# Predict the number and nature of bonds using Molecular Orbital Theory

I found the following question in a high school chemistry problem book:

According to Molecular Orbital Theory which of the following is true:

(A) In $$C_2$$ molecule both the bonds are $$\pi$$ bonds.

(B) In $$C_2^{2-}$$ ion there is one $$\sigma$$ and one $$\pi$$ bond.

Both of these are true. But how can one know this using Molecular Orbital Theory?

P.S.: I don't know anything about Quantum Mechanics as I am a high school student. My textbooks only provide a result-oriented explanation. I would appreciate if the answers keep this in mind.

• Is answer (B) one or two $\pi$ bonds? – Blaise Apr 10 at 14:12
• @Blaise (A) is two. $C_2$ violates the one $\sigma$, one $\pi$ rule. (B) is one $\sigma$, one $\pi$. – user76377 Apr 10 at 15:02

I presume you can draw the homonuclear diatomic MO diagram for these two species.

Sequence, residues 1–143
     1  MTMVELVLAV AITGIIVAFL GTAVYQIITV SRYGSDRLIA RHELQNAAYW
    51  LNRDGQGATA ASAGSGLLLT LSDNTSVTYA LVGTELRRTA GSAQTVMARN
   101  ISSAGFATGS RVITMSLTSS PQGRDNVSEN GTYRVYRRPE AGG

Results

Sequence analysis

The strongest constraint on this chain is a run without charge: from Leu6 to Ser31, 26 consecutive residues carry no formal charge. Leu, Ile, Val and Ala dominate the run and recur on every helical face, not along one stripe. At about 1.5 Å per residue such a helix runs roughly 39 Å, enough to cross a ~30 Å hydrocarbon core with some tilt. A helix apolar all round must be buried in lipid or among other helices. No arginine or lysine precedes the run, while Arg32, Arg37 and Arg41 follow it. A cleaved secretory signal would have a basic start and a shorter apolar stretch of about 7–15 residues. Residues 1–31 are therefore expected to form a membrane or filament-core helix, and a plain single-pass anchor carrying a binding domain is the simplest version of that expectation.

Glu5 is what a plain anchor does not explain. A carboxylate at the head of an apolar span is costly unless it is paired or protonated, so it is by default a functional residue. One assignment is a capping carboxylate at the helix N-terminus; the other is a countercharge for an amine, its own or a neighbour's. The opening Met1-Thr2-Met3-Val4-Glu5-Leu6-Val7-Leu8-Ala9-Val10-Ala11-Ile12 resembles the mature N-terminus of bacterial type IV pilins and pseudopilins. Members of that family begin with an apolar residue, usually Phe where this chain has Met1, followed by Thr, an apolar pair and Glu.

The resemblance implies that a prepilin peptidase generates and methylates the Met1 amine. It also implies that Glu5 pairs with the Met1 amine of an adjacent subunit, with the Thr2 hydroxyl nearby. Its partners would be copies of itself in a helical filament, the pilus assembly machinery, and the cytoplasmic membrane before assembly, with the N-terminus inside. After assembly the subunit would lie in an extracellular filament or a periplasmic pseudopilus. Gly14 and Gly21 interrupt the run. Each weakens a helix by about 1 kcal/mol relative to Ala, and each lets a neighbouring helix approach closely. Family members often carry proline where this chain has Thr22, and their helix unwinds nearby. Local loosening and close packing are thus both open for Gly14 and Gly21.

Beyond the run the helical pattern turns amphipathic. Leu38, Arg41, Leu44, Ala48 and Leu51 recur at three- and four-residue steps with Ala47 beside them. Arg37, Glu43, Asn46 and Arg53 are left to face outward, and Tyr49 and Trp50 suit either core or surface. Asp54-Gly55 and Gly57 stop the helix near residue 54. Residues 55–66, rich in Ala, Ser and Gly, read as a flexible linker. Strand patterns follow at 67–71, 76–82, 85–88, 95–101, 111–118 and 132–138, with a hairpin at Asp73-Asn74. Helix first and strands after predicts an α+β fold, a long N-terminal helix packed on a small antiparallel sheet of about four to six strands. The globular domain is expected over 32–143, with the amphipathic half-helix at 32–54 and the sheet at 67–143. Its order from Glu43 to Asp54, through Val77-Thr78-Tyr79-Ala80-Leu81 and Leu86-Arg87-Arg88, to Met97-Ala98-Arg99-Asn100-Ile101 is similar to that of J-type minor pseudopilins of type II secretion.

As you probably already know, the s orbitals of the carbons form bonding and antibonding orbitals, both of which are filled. (The net effect of this is the “lone pairs” on each carbon.)

The p orbitals for 2 pi bonds and a sigma bond. Due to s-p mixing, the pi bonds are lower in energy and are filled first, and these 2 bonds (with their 4 electrons) are the 2 bonds we see in C2.

Add another 2 electrons to the system and you realise they fill the sigma bonding orbital, which means that the C2 2- anion has 2 pi bonds and a sigma bond (for a total bond order of 3).

Hope this helped.

According to the same book (Resonance Chemistry for JEE Main and Advanced), bond order of $$1$$, $$2$$ and $$3$$ correspond to single, double and triple bond.

This is a rule of thumb and most common molecules, such as $$O_2$$, $$N_2$$, etc., seem to follow it.